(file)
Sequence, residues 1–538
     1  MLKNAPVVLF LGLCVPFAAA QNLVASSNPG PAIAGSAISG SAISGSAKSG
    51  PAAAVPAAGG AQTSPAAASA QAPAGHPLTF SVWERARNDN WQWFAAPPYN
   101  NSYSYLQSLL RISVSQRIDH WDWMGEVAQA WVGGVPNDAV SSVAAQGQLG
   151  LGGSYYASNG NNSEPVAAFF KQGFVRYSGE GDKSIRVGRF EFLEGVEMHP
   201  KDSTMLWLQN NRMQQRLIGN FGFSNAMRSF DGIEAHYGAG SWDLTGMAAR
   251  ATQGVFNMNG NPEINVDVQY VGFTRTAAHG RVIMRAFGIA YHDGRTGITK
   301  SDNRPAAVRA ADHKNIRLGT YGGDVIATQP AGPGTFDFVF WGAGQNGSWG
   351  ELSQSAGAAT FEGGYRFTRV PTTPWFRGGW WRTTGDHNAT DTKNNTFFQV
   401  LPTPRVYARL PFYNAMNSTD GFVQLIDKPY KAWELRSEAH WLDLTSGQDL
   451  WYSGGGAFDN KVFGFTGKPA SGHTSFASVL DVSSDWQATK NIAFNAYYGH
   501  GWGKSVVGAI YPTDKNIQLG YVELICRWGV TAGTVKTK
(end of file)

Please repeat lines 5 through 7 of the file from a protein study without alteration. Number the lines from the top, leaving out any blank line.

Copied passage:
   151  LGGSYYASNG NNSEPVAAFF KQGFVRYSGE GDKSIRVGRF EFLEGVEMHP
   201  KDSTMLWLQN NRMQQRLIGN FGFSNAMRSF DGIEAHYGAG SWDLTGMAAR
   251  ATQGVFNMNG NPEINVDVQY VGFTRTAAHG RVIMRAFGIA YHDGRTGITK